We’ve been living in Nashville for about 4 years now. Moved here on a total whim. I had only spent one afternoon in the city prior to our move… and we love it. It’s totally copasetic here. Just about any positive adjective you want to use to describe it will fit (of course, so will some negative ones). All in all though, it worked out pretty well for us. I mean, just look at how little we have to spend to exist here. But, recently we were talking, and decided to move in a couple of years, in order to be closer to family. But that’s not the point of this post. I’m actually seeking advice here- and to make it rad for ya’ll, I’m including some 30 Rock gifs. But here is my question: do money and family mix? [Read more...]
Do you still have cable? I seriously hope not. If you’re paying a monthly cable bill (especially to comcast) you need to cut the cord on that sucker. Like yesterday. I’ve already written about how to survive without it (it’s easy). So I’m not going to sit here and tell you how much money you’re literally wasting with cable (hundreds per year*). I understand how much you love TV. I do too. I’m not here to blame you for that. I was a latchkey kid. I was all about TGIF and SNICK (anyone else remember early 90s SNICK?) and the like. I have a bunch of pictures of me in a t-shirt with Steve Urkel’s face and the words “No Sweat My Pet” on it. Trust me, I get it. TV is a friend. So, I’m not crazy. I’m not going to say don’t stop watching it completely. Just spend less money to do so. But I digress. I know you’re smart and cancelled your cable and now just pay $8 a month to stream Netflix (and maybe bought a Roku for $48). You’re saving kale, but now you’ve got a new dilemma: so many shows to choose from. No worries. I got your back, Jack. Here are 5 shows you should be watching on Netflix. [Read more...]
Everyone complains about the price of gas. It used to be cheaper, back when a nickel would buy you a moon pie and soda pop, with enough change to spare for a comic, right? The only thing is, travel costs you less today than just about any other time in history. In terms of fuel efficiency, you pay less to travel by automobile today than you would were this 1960, and you were rolling around in a Bel Air and blasting some Chubby Checker. Yes, the nominal price of gas has increased, but that is to be expected. Here’s what I mean; travel is historically cheap. [Read more...]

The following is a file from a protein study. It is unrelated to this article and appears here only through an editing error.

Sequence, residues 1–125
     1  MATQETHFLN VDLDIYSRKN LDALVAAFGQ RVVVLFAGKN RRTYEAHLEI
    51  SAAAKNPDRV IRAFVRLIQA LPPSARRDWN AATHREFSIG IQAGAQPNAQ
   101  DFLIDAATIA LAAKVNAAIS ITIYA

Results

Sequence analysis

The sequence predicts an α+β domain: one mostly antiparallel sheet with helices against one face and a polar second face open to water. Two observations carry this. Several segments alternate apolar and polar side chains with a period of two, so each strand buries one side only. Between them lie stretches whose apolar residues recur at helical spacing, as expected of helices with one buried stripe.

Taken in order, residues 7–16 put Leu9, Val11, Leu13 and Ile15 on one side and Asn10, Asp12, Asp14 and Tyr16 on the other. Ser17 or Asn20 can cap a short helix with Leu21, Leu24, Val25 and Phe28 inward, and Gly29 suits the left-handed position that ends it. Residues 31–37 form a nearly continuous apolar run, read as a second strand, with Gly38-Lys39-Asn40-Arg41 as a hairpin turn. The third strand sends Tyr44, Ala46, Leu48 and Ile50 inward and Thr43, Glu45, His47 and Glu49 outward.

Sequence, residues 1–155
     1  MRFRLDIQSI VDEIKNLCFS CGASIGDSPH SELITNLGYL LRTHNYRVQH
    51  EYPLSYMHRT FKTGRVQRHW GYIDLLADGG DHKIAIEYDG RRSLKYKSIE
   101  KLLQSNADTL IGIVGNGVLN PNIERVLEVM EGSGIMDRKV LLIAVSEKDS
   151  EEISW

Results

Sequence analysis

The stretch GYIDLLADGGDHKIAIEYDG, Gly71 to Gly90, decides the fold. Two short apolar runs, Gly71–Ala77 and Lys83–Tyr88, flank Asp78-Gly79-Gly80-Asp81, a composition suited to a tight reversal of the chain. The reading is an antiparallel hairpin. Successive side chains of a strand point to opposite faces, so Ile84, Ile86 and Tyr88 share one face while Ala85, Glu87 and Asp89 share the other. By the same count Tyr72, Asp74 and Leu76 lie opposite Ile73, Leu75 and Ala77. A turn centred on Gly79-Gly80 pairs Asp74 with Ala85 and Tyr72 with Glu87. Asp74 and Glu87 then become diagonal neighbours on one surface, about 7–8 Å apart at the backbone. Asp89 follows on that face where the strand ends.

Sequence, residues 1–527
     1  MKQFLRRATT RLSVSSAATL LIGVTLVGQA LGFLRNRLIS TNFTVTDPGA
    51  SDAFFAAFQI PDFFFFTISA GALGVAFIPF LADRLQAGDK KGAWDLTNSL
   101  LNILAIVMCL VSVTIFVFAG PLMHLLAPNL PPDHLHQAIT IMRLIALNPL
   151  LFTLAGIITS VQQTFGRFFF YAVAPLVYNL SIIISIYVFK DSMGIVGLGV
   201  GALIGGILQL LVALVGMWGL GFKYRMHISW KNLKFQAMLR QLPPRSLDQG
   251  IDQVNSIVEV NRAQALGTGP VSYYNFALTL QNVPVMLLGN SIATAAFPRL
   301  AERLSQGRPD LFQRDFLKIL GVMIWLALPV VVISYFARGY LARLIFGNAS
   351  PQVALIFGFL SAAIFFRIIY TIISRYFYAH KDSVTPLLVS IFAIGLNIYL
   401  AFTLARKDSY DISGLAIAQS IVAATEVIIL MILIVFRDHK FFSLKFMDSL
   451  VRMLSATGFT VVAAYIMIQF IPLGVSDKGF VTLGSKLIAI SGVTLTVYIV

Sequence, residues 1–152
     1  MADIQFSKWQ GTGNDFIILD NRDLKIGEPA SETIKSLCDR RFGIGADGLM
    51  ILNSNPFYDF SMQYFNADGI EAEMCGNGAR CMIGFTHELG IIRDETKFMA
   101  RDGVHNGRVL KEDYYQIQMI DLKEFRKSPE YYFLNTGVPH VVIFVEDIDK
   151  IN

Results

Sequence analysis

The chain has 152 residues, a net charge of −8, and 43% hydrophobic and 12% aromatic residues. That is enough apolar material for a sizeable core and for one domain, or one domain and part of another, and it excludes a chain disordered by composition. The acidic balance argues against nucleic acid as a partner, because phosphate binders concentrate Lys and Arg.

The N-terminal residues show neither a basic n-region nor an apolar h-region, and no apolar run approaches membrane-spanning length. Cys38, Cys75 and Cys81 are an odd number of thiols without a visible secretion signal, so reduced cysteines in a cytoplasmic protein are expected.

Happy Sunday to all you readers of the internet. Hope you all are having an enjoyable weekend and looking forward to the week. As usual, this is the time of week that I tell you what’s going on around here (if you’re so inclined to care), and share some of my favorite posts of the week from around the worldwide. It was 70 degrees here in Nashville today- actually warm enough to wear shorts out. Not going to lie, felt pretty awesome and made me ready for spring and summer. Hence, the reason this isn’t getting posted until 7 PM local time. That, and we finished season 2 of House of Cards. [Read more...]
It might sound like fantasy, but early retirement is actual. For me, and very likely you. The way I figure things, if I play my cards right, Mrs. Impersonal Finance and I should be able to retire comfortably in about 10 years. This will put our retirement just short of us turning 40. Now, it wouldn’t be easy, and would require significant work on our part. It also assumes we would continue to progress in our careers (provided things go according to plan, we will have a significantly increased income in the next couple of years). Considering we had about $70k in debt around our 26th birthdays, this really isn’t too bad. That would mean around 15 working years for me, since I went to grad school, and about 17 for the Mrs. Like I said, this would be a comfortable early retirement. Nothing extravagant, but we wouldn’t go wanting. So, how would we do that? How would we be able to retire at 40, a full 25+ years before the average American?
My wife and I were driving to visit family the other day, and we were listening to the radio. NPR, naturally (have I said we’re hipsters?). They were reporting on the economy and whether or not the “average American” had felt as if we have recovered from the depths of the financial crisis. Being as that I love listening to and discussing anything even tangentially related to money, economics, or finance, I tuned in. And well, I feel for those people in the country (and world) who have lost jobs, struggled, and been hit the hardest by “the great recession.” I’ve got family members who have been in and out of work for years now.* I suffered through a lengthy unemployment myself. But, at what point do we place blame on the person, and not “the economy?” If the economy is down, it’s you vs. the economy, right? [Read more...]